Powering Team Dyess

  • Published
  • By Airman 1st Class Kylee Thomas
  • 7th Bomb Wing Public Affairs
At every U.S. Air Force base and installation across the globe, electricity is required to complete the mission successfully. Electrical systems specialists ensure that our primary source of energy is always available.

To support the wide range of mission sets such as satellite communications, launching aircraft and providing care to wounded personnel, electricity is a crucial service provided by these experts.

“We’re responsible with keeping power to the base; we keep everything running from alarms to airfield lighting,” said Staff Sgt. Kaleb Slaughter, 7th Civil Engineer Squadron electrical systems journeyman. “Like we always say here in our shop, if you don’t have electricity, you’re not lit.”

On a daily basis, electricians perform a multitude of duties around base including installing and maintaining airfield lighting systems as well as setting up and repairing various electrical equipment.

“Every day we’re making sure things are running smoothly at every facility on base, however, our main priority is making sure our planes are able to take off and land whenever they need to,” Slaughter said.

Being an electric systems specialist can be a hazardous job due to the nature of live electricity.

“When we’re starting a task, we always make sure the electrical unit we’re working with is turned off as well as locked so it can’t be switched on while it’s being repaired,” Slaughter explained. “We also wear our personal protective equipment which includes high voltage clothes, a face shield, a hard hat and steel-toed boots.”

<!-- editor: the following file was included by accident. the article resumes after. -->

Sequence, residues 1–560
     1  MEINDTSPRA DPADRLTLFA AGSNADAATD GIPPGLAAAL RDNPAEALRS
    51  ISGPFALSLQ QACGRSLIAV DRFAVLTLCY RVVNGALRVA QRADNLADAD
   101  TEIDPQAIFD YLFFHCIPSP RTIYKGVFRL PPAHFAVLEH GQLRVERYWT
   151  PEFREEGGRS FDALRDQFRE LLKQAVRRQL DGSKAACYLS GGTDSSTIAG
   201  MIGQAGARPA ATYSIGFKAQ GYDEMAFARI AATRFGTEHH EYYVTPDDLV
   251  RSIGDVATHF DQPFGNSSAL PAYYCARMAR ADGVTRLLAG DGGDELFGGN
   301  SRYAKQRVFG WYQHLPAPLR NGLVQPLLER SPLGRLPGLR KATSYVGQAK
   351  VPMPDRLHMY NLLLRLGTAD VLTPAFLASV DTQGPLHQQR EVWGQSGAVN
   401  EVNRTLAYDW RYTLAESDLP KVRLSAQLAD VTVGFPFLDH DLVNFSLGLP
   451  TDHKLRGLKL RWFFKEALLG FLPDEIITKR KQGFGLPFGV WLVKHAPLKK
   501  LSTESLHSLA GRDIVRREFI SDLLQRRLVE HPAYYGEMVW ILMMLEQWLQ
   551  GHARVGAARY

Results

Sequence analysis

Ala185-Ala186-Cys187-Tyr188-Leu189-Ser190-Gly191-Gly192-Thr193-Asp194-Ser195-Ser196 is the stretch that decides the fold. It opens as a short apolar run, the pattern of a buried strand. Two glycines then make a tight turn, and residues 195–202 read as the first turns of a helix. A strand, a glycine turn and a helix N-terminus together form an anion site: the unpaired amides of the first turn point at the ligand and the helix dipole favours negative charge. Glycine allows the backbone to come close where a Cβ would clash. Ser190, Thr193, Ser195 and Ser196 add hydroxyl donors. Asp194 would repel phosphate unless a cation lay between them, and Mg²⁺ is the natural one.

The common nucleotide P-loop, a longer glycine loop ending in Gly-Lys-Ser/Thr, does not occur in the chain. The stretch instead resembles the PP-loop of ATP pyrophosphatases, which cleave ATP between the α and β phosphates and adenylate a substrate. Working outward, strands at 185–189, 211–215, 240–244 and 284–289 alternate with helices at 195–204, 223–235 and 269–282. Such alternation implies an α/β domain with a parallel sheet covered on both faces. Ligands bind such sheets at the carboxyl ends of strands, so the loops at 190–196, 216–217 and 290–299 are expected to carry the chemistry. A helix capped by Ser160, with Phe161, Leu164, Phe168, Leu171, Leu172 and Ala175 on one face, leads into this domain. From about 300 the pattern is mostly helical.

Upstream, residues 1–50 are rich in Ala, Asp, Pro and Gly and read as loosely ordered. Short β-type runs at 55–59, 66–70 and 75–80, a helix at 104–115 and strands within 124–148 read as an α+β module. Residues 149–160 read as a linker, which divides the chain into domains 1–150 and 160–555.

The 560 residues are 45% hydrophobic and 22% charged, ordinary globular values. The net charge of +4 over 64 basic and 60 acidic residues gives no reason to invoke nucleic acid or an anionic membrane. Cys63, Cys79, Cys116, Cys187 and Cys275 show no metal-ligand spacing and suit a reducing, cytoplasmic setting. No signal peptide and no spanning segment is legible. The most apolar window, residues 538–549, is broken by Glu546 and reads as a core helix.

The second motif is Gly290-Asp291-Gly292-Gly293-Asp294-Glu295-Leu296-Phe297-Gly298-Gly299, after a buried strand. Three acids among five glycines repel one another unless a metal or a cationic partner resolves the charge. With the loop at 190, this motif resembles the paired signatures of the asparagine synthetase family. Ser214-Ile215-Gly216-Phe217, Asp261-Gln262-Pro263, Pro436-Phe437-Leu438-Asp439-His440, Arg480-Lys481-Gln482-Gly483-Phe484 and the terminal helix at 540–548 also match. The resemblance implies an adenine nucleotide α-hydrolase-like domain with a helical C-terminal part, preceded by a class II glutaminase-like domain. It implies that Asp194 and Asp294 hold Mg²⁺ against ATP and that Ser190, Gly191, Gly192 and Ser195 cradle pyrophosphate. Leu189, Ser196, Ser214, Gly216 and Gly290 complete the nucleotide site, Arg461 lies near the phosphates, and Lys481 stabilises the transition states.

For these Airmen, safety is their number one priority, which means ensuring they follow the proper procedures and safety measures.

“The most important part of our job is staying safe,” said Airman 1st Class Marvin Sapp, 7th CES electrical systems apprentice. “I value my life so I always take the proper steps to ensure my safety.”

The possibility of electrocution is not the only threat these Airmen face. With Dyess being in the middle of West Texas, animals and bugs can often be a bigger problem than the electricity they deal with.

Since the electrical units offer a warm hideaway for these creatures, proper precautions must be taken before starting a task.

“We typically work in teams, which allows us to collaborate when checking for animals or bugs,” explained Staff Sgt. Abisai Catalan, 7 CES electrical systems journeyman. “We might have one Airman open up an electrical unit and the other look in to ensure there’s nothing that’s going to jump out at us. We mostly find snakes, venomous spiders, wasps and bees.”

Electrical systems specialists complete an extensive amount of training while in technical school, which lasts approximately 99 class days. During their training, these Airmen learn the basics that their job entails through upgrade training and hands on experience.

“We learn a little bit of what we do while in tech school, but like most other occupations, we tend to learn much more through hands on experience with on-the-job training,” said Slaughter. “Every day I come to work and I learn something new.”

For new Airmen, on-the-job training is vital to career success. For Sapp, working with more seasoned Airmen on an assignment has helped him become better at his profession.

“You really start learning your job once you get to your first duty station and you start preforming certain tasks every day,” explained Sapp. “Being an Airman 1st Class, I always go out with a noncommissioned officer while performing duties so they can supervise me and make sure I’m doing my job correctly as well as answer any questions I have during the process.”

These highly trained Airmen are here to ensure Team Dyess can work efficiently and effectively in a technology based world run by electricity.

If you are experiencing any electrical problems, please do not try to fix anything yourself and leave it to the professionals!